CricInfo at World Cup 1999
[The ICC Cricket World Cup - England 1999]

New Zealand v West Indies, Group B
Trevor Chesterfield - 24 May 1999

SOUTHAMPTON (England) - So much for reputations. In the sort of weather Ken Rutherford would enjoy and the English seem to thrive, the West Indians finally brought some flair to the carnival and kept alive their hopes of qualifying for the World Cup Super Sixes.

While we were dismissing the global warming theory for the current big freeze which has most of us shivering from Canterbury to The Oval with places such as Leeds in between, Ridley Jacobs led the Caribbean islanders to a three wickets win over New Zealand at the Hampshire County ground yesterday.

In an innings of strength and quality the Antiguan showed why he is the top wicketkeeper/batsman at the tournament and was a certainty for the man of the match award with an impressive undefeated 80

Not surprisingly it was his highest limited-overs international score, surpassing the 68 scored last season.

For the Kiwis, so used to such Dunedin style climatic conditions served up yesterday, the defeat meant a big bump on terra firma after their victory over Australia last week meant they needed to beat the West Indies to maintain their challenge for a Super Six place. Now they need to work a little harder to reach the top three in Group B.

For the West Indies, however, this his was a far different Carribean side to the rabble which laboured their way through South Africa some months ago. They looked a touch better, their fielding was much tighter and the bowling from Curtly Ambrose and Courtney Walsh was far sharper and had purpose about their approach to the game.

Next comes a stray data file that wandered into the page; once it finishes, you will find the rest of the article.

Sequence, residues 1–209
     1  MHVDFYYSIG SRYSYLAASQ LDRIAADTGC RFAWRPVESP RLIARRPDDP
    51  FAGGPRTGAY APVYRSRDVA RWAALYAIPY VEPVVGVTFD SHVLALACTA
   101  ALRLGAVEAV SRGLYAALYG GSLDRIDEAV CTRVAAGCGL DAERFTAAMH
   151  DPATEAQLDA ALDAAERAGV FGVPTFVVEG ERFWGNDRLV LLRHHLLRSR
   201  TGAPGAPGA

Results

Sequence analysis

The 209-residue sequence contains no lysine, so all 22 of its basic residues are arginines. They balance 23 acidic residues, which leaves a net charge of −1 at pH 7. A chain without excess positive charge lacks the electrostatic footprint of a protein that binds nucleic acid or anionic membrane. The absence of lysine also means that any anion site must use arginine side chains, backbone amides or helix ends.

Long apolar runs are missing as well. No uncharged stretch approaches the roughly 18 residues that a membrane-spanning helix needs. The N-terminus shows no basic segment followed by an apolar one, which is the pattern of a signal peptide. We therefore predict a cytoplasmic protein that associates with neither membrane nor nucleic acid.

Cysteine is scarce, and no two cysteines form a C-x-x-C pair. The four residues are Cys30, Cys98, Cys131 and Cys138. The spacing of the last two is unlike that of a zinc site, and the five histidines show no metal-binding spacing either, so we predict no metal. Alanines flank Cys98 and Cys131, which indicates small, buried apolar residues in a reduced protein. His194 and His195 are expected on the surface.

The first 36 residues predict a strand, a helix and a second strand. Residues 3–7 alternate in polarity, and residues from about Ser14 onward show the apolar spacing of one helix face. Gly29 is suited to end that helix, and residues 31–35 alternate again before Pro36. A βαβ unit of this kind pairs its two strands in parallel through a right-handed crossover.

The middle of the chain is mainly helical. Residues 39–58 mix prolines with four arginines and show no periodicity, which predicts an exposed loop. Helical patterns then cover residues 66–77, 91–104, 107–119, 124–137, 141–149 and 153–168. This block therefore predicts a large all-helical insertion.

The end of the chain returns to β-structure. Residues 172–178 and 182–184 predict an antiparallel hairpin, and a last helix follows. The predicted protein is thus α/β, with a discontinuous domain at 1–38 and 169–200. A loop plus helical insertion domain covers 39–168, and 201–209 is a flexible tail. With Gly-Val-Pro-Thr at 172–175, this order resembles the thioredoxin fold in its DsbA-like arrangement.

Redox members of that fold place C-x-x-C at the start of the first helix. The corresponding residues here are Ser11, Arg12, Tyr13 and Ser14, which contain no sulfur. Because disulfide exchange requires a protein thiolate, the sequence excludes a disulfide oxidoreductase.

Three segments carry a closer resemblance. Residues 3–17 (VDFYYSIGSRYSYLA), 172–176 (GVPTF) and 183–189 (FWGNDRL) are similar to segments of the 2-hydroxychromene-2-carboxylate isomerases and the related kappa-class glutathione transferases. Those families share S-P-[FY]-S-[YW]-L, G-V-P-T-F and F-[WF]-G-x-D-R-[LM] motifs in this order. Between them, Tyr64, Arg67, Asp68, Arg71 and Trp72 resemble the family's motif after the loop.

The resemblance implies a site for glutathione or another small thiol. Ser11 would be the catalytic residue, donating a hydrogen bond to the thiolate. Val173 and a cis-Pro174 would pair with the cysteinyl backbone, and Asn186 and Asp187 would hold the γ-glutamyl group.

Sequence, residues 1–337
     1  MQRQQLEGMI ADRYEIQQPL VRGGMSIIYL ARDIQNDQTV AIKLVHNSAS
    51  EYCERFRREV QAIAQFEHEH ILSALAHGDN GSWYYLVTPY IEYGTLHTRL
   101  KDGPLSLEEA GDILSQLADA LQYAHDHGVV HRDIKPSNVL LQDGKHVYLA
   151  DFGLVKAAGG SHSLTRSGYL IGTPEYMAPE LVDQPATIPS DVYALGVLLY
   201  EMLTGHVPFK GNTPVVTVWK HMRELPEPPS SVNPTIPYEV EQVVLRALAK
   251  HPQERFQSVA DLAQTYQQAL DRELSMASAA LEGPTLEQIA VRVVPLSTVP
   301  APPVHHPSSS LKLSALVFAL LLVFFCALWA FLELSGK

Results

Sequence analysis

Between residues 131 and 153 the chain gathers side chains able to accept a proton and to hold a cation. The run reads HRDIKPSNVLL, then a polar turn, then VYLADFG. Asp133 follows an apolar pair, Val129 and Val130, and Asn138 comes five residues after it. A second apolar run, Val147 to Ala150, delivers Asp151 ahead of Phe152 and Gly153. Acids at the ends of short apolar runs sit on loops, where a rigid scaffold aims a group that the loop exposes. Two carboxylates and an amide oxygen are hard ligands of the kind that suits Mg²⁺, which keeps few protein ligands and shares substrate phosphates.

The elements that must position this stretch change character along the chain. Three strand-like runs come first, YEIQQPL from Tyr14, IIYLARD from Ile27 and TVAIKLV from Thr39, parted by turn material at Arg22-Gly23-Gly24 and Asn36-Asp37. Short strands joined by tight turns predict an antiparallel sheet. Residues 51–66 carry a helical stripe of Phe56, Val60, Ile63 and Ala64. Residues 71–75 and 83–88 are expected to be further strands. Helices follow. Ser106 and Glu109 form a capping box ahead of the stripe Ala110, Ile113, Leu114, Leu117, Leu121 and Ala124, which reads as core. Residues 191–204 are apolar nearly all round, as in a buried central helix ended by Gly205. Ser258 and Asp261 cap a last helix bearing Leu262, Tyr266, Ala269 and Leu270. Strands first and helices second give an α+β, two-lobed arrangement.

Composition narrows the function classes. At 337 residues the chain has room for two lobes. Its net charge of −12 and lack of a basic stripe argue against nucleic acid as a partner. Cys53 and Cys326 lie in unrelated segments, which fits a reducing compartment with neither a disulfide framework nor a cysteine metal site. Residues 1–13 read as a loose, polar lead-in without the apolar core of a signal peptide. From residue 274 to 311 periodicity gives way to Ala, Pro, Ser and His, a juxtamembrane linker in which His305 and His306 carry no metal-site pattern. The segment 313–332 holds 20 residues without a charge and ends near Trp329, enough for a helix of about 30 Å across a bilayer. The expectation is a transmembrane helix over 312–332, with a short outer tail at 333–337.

Brian Lara winning the toss also helped their cause. The pitch contained bounce and lift: the sort you do not see at most grounds and undid the Kiwis top-order as early wickets tumbled to Walsh and Ambrose, although it was Reon King and Mervyn Dillon who wrecked what chances there were of recovery.

Dillon's four wicket-haul yet again showed the folly of the West Indies selectors for pulling him out of the limited-overs series against South Africa. It was his ability to move the ball around and use the wind to help his swing which terminated promising partnerships and kept the Kiwis battling for runs.

There was a 50-runs partnership between Adam Parore and Chris Harris for the seventh wicket which at least gave some substance to the New Zealand innings of 156.

It was not a total which was going to present too much trouble to West Indies side which needed to win yesterday.

As for the Kiwis, they did what they could. They had retained the same squad which beat Australia and did what they could to remain competitive. But their bowling found conditions flattening out in the afternoon., yet despite good fielding along with Javed Akhtar's interpretation of a wide as well at the lbw law, they did not get the breakthough they wanted.

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